"Should" is not part of any logically possible territory, in the moral sense at least. Objective morality is meaningless, and subjective morality reduces to preferences. It's a distinctly human invention, and it's meaning shifts as the user desires. Moral obligations are great for social interactions, but they don't reflect anything deeper than an extension of tribal politics. Saying "you should x" (in the moral sense of the word) is just equivalent to saying "I would prefer you to x", but with bonus social pressure.

Just because it is sometimes effective to try and impose a moral obligation does not mean that it is always, or even usually, the case that doing so is the most effective method available. Thinking about the actual cause of the behavior, and responding to that, will be far, far more effective.

Next time you meet a child murderer, you just go and keep on telling him he shouldn't do that. I, on the other hand, will actually do things that might prevent him from killing children. This includes physical restraint, murder, and, perhaps most importantly, asking why he kills children. If he responds "I have to sacrifice them to the magical alien unicorns or they'll kill my family" then I can explain to him that the magical alien unicorns dont't exist and solve the problem. Or I can threaten his family myself, which might for many reasons be more reliable than physical solutions. If he has empathy I can talk about how the parents must feel, or the kids themselves. If he has self-preservation instincts then I can point out the risks for getting caught. In the end, maybe he just values dead children in the same way I value children continuing to live, and my only choice is to fight him. But probably that's not the case, and if I don't ask/observe to figure out what his motivations are I'll never know how to stop him when physical force is no option.

"Should" is not part of any logically possible territory, in the moral sense at least. Objective morality is meaningless, and subjective morality reduces to preferences.

Subjectivity is part of the territory.

1asr7yThese aren't the only two possibilities. Lots of important aspects of the world are socially constructed. There's no objective truth about the owner of a given plot of land, but it's not purely subjective either -- and if you don't believe me, try explaining it to the judge if you are arrested for trespassing. Social norms about morality are constructed socially, and are not simply the preferences or feelings of any particular individual. It's perfectly coherent for somebody to say "society believes X is immoral but I don't personally think it's wrong". I think it's even coherent for somebody to say "X is immoral but I intend to do it anyway."
2ArisKatsaris7yI really think this is a bad summarization of how moral injuctions act. People often feel a conflict for example between "I should X" and "I would prefer to not-X". If a parent has to choose between saving their own child, and a thousand other children, they may very well prefer to save their own child, but recognize that morality dictated they should have saved the thousand other children. My own guess about the connection between morality and preferences is that morality is an unconscious estimation of our preferences about a situation, while trying to remove the bias of our personal stakes in it. (E.g. the parent recognizes that if their own child wasn't involved, if they were just hearing about the situation without personal stakes in it, they would prefer that a thousand children be saved rather that only one.) If my guess is correct it would also explain why there's disagreement about whether morality is objective or subjective (morality is a personal preference, but it's also an attempt to remove personal biases - it's by itself an attempt to move from subjective preferences to objective preferences).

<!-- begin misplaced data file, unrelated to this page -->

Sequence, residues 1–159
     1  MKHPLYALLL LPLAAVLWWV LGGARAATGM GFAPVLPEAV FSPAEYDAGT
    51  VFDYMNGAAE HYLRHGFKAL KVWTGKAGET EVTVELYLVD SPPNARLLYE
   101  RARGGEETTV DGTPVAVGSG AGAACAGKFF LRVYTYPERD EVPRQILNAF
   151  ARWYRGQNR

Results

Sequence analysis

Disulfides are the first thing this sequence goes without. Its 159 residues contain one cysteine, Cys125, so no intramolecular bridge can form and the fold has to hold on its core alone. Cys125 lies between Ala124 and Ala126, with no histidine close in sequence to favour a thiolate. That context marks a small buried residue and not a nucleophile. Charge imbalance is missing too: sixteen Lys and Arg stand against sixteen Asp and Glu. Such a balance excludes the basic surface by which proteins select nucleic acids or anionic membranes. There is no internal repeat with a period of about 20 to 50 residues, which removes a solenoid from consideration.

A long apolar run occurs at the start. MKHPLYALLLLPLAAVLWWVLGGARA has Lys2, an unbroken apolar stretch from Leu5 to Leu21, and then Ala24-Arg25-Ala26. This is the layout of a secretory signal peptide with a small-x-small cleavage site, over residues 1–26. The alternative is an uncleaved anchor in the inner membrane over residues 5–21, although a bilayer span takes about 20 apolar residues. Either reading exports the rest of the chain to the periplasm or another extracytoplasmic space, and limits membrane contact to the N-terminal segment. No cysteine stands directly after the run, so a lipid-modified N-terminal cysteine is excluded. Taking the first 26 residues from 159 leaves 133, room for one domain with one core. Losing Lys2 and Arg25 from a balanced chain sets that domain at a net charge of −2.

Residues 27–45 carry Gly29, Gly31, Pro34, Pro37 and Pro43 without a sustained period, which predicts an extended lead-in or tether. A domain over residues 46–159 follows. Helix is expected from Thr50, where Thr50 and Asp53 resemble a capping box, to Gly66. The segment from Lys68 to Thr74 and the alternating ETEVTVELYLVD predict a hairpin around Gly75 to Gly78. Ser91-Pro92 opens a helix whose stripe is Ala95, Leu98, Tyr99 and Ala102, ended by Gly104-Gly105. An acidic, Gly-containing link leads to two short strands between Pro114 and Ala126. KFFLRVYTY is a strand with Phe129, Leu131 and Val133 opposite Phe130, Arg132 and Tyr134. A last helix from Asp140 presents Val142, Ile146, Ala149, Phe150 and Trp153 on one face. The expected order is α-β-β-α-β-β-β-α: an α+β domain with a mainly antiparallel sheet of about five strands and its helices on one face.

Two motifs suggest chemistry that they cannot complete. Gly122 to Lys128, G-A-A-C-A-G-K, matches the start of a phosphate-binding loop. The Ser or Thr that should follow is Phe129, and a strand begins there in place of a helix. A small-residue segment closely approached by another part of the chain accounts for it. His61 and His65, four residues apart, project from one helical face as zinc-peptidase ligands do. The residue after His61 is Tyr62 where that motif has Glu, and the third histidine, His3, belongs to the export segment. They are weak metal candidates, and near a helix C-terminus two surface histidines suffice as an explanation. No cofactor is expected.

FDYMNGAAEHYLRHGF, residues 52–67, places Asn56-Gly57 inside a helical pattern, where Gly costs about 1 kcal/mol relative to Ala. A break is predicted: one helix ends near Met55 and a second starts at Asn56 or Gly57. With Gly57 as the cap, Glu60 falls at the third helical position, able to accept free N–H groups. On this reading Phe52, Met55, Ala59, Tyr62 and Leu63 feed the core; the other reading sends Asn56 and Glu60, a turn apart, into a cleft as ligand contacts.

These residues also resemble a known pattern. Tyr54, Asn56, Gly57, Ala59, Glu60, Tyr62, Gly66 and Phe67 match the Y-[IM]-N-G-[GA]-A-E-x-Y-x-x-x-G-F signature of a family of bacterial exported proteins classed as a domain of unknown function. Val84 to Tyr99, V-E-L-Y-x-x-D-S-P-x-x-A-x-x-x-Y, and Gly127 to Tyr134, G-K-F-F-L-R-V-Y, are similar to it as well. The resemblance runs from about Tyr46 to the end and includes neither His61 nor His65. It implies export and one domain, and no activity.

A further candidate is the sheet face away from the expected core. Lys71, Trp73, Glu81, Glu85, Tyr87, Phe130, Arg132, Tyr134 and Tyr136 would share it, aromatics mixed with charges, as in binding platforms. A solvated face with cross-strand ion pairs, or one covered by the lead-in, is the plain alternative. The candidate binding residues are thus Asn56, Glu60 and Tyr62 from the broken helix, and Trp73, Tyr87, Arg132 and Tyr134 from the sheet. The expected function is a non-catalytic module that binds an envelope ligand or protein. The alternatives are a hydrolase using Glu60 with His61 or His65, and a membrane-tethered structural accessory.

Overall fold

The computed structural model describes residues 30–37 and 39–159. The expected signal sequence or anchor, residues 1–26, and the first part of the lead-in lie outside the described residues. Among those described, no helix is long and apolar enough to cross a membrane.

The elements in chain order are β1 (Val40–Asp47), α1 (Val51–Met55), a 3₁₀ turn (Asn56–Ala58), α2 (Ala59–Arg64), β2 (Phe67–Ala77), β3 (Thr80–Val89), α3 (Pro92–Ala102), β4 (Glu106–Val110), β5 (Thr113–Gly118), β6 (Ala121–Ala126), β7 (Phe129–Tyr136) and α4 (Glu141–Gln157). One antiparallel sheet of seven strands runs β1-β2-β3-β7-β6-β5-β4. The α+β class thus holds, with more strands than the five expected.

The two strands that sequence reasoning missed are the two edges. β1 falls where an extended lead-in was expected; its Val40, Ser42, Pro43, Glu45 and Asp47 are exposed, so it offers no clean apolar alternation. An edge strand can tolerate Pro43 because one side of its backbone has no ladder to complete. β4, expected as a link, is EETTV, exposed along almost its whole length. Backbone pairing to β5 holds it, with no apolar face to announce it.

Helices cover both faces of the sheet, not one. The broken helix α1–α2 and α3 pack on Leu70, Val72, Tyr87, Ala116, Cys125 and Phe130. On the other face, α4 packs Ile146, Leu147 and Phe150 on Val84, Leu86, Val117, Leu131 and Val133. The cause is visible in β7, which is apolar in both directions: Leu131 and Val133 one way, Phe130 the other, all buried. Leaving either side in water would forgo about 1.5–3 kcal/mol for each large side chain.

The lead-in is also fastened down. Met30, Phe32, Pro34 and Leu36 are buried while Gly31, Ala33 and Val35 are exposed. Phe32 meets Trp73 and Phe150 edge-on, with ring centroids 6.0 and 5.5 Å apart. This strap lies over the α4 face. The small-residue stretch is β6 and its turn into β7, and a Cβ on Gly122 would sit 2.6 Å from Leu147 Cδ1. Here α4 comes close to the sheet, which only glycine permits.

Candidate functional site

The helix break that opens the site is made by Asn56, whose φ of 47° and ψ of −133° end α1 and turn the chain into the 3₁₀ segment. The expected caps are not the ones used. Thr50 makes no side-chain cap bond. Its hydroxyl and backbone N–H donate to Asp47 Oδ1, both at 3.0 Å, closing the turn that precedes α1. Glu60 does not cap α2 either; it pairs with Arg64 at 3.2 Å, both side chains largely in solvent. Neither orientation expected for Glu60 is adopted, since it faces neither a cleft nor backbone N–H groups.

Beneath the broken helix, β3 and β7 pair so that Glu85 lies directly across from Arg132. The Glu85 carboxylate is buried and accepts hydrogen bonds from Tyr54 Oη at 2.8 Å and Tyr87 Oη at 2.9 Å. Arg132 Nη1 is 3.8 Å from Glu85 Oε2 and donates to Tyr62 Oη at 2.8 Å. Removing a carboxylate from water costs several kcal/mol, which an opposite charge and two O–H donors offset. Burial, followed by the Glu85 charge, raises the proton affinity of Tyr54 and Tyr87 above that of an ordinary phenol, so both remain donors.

Bad Concepts Repository

by moridinamael 1 min read27th Jun 2013204 comments

22


We recently established a successful Useful Concepts Repository.  It got me thinking about all the useless or actively harmful concepts I had carried around for in some cases most of my life before seeing them for what they were.  Then it occurred to me that I probably still have some poisonous concepts lurking in my mind, and I thought creating this thread might be one way to discover what they are.

I'll start us off with one simple example:  The Bohr model of the atom as it is taught in school is a dangerous thing to keep in your head for too long.  I graduated from high school believing that it was basically a correct physical representation of atoms.  (And I went to a *good* high school.)  Some may say that the Bohr model serves a useful role as a lie-to-children to bridge understanding to the true physics, but if so, why do so many adults still think atoms look like concentric circular orbits of electrons around a nucleus?  

There's one hallmark of truly bad concepts: they actively work against correct induction.  Thinking in terms of the Bohr model actively prevents you from understanding molecular bonding and, really, everything about how an atom can serve as a functional piece of a real thing like a protein or a diamond.

Bad concepts don't have to be scientific.  Religion is held to be a pretty harmful concept around here.  There are certain political theories which might qualify, except I expect that one man's harmful political concept is another man's core value system, so as usual we should probably stay away from politics.  But I welcome input as fuzzy as common folk advice you receive that turned out to be really costly.